After months of research and debating on whether or not I wanted to spend the money on not just an Oculus Rift but a machine that would be capable of handling VR, I came across an ad that essentially made that choice for me so much easier. Recently, Oculus announced a summer sale in which you can purchase the Oculus Rift headset along with the touch controllers all for $399.00. So, what comes with this bundle? Here's what you get:
- Oculus Headset
- A set of touch controllers
- 2 Sensors
- Wireless X-Box Controller (batteries and Bluetooth dongle included)
- Note that not all of the deals out there may include the X-Box controller. Mine did, however.
- Oculus Remote
- Many retailers will throw in a game or two.
- Mine came with Eve Valkyrie, which I had zero interest in and just sold on eBay for $20.
Overall, this was a great deal.......until it came time for the PC build. I wanted something really interesting but since I am not a major gamer, I didn't need anything really outrageous. I don't play WoW, I don't do Call of Duty, Battlefield, or whatever the hottest and latest thing is. So, I could get away with a 1070 graphics card without any issues. So, off to Newegg and Amazon I went and began my build, which goes a little something like this:
- Thermaltake Core V21 Black Extreme MicroATX Cube Chassis
- MSI B250M Bazooka OPT Boost LGA 1151 Intel B250 HDMI SATA 6Gb/s USB 3.1 Micro ATX Intel Motherboard with 16 GB Intel Optane Memory included and RGB LED's
- MSI GeForce GTX 1070 DirectX 12 Gaming X 8GB 256-Bit GDDR5 PCIe SLI ready Graphics card
- Intel Core i5-7600K Kaby Lake Quad Core 3.8 GHz Processor
- Thermaltake Toughpower Grand RGB 650W Smart Zero Fan SLI/CrossFire Ready Continuous Power ATX 12V Plus Gold Certified Full Modular Power Supply
- Samsung 850 EVO M.2 2280 1TB Sata III 3-D Vertical SSD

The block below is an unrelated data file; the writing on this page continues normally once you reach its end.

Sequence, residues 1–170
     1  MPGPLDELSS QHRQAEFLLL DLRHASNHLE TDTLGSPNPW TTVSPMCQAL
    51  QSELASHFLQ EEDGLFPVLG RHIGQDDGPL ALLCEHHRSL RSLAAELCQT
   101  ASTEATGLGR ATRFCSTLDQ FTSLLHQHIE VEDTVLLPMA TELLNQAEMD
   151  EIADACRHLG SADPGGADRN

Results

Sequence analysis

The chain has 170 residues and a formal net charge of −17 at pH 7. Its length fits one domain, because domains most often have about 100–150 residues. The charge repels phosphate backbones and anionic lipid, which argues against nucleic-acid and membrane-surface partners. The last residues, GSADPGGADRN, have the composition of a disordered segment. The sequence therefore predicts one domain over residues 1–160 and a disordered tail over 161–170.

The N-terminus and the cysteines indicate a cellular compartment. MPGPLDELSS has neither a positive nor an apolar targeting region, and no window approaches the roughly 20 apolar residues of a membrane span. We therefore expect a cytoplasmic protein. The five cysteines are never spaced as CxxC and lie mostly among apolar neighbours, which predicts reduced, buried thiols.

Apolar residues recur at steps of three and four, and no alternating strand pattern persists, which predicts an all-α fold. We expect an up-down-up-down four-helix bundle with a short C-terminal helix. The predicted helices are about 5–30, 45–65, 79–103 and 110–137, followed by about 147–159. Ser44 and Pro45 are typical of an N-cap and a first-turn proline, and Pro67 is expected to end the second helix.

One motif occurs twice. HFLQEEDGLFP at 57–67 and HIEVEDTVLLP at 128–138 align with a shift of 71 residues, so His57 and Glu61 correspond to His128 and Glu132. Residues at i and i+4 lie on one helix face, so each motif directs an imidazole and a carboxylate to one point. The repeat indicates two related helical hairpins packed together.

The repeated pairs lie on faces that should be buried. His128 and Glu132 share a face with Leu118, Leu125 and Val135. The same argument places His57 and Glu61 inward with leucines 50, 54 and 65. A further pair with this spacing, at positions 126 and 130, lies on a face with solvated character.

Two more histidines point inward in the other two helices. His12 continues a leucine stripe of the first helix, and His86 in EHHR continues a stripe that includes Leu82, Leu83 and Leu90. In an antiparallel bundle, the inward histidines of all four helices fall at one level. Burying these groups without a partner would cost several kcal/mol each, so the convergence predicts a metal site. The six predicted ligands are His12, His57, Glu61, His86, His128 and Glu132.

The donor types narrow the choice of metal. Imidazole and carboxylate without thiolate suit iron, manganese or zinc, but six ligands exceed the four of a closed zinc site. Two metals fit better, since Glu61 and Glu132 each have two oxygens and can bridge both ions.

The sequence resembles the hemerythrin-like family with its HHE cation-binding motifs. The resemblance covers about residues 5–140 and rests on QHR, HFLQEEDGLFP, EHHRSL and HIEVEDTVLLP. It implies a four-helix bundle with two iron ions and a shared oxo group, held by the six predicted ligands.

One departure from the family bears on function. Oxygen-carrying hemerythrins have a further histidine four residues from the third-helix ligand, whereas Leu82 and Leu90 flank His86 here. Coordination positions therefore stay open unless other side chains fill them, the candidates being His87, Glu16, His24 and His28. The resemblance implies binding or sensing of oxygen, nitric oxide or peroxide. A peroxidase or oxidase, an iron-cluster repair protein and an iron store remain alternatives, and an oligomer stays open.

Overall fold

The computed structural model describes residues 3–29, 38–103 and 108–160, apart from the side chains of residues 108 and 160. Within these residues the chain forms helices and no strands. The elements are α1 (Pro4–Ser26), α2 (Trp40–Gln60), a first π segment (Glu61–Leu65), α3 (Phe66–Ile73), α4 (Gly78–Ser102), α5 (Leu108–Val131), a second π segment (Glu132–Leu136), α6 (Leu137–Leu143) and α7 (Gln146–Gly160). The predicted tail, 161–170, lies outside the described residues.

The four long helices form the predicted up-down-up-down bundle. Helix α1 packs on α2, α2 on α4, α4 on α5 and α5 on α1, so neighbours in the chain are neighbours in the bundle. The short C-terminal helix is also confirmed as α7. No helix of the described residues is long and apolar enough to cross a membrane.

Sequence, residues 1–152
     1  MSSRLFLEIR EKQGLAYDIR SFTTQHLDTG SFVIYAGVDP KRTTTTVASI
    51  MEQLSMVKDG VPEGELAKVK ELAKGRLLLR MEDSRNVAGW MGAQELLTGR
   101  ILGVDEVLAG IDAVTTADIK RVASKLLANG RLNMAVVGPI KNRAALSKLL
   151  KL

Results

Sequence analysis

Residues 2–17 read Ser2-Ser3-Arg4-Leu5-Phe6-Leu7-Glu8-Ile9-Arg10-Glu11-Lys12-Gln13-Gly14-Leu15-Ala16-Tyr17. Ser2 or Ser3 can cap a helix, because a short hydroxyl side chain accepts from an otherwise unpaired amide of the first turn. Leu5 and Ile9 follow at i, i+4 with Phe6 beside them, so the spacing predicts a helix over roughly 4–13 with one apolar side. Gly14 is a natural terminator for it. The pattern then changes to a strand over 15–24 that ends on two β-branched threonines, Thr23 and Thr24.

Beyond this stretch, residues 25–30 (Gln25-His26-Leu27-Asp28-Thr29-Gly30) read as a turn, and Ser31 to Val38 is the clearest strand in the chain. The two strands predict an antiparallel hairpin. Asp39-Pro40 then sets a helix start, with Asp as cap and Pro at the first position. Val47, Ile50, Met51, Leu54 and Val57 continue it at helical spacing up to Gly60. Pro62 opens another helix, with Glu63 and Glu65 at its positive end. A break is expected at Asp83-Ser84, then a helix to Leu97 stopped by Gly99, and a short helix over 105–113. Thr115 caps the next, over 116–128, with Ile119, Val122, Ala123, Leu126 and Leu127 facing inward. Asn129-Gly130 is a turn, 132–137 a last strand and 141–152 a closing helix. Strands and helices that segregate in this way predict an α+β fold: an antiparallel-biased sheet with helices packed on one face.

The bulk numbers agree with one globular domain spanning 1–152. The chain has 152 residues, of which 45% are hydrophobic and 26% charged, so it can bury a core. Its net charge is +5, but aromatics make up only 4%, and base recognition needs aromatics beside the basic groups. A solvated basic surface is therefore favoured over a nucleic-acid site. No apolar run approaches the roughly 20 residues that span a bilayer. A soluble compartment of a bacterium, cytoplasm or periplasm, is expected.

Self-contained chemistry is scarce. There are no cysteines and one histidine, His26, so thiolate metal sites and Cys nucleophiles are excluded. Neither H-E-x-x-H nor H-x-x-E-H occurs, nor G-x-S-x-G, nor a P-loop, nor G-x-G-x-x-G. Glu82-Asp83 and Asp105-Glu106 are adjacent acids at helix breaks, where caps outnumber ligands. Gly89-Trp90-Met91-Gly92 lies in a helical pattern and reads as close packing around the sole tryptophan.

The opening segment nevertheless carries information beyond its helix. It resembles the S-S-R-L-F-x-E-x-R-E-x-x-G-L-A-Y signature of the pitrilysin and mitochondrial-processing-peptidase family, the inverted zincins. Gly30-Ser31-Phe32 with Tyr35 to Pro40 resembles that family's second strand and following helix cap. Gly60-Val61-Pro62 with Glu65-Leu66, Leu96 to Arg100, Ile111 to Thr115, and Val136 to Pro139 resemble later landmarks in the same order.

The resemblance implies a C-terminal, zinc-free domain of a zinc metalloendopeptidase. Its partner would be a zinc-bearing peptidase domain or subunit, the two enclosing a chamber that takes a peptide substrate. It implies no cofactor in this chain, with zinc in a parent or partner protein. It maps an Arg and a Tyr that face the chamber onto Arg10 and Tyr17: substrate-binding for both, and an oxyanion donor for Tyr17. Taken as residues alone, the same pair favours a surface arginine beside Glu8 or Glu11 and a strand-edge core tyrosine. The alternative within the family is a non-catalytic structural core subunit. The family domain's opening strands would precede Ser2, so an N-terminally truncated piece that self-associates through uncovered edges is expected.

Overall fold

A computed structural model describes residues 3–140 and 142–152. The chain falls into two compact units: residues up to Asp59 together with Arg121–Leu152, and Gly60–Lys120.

- G.Skill Ripjaws V Series 16GB (2x8GB) DDR4 2400 RAM
- Putting in an order for another set of these today
- Gigabyte Model GC-WB867D-I Bluetooth 4.0/Wi-Fi Expansion Card
- EVGA CLC 120 Liquid/Water CPU Cooler with 120mm Radiator, RGB LED, and EVGA Flow Control Software
- This will be upgraded soon to something much more visually appealing. I am so not finished with this project. Further in the article I will discuss my future plans.
- Windows 10 Pro
Overall, I am pleased with the build and everything works extremely well. The PC is quite fast and with the M.2 SSD, it's no wonder it's lightning fast. I have ZERO lag playing any games on the Oculus, Steam, and Origin. I've even linked it to play games on the X-Box One that sits in my daughter's room and still experience zero lag while playing Tekken 7.
As you can see, there is plenty of space on the bottom for more mods, which I intend to do. I would like a custom liquid cooling kit. Since none of the drive bays are being used, I could essentially go with a kit that utilizes the drive bays as the resorvoir/pump. I'm leaning towards something like this:
Being in the IT/Network Engineering field, cable management is essential, even at home. I like things to look neat and aesthetically pleasing. With that, baseboards were removed, wires were tucked in, Keystone wall plates and connectors were ordered, and extension cables were ordered. Here is where we ran into a bit of a problem with the Oculus Rift. The Oculus headset uses both a UBS and HDMI connection. However, if you try to extend past 6 feet with any basic cable, you will never get the headset to work. After a little research, we found that the Oculus does NOT like passive cables. In order to extend your headset past the 12 ft that is standard with your headset, you need to have ACTIVE HDMI cables. Active cables have built in chips that allow for longer runs and help push the signals the signals to run farther than your standard passive cables. I completed my setup like this:
- Active HDMI cable from HDMI on video card to a Keystone on the wall
- Active HDMI from that Keystone through the wall to another Keystone below my 60" TV
- Oculus Headset plugs into the HDMI jack on the wall under the TV.
- From the 60" TV, we ran a regular HDMI cable
- For USB, we ran SuperSpeed USB 3.0 cables from the PC to the Keystone then another Superspeed USB 3.0 through the wall to the Keystone under the TV for the 2 sensors and headset USB.
I did the same for the USB cables in order to make everything look neat and not have wires and equipment constantly in the way.
So, for those looking to take advantage of the 6 week summer Oculus deal and need some ideas, I hope this article is able to help. I know many users have had a hard time with extending the length of their headset past the 12 feet and have tried many different ways unsuccessfully. I can assure you that this is this setup works 100% and that the HDMI cables make all of the difference.
If you have any questions, comments, suggestions, or just want to chat, please feel free to comment or send me an email.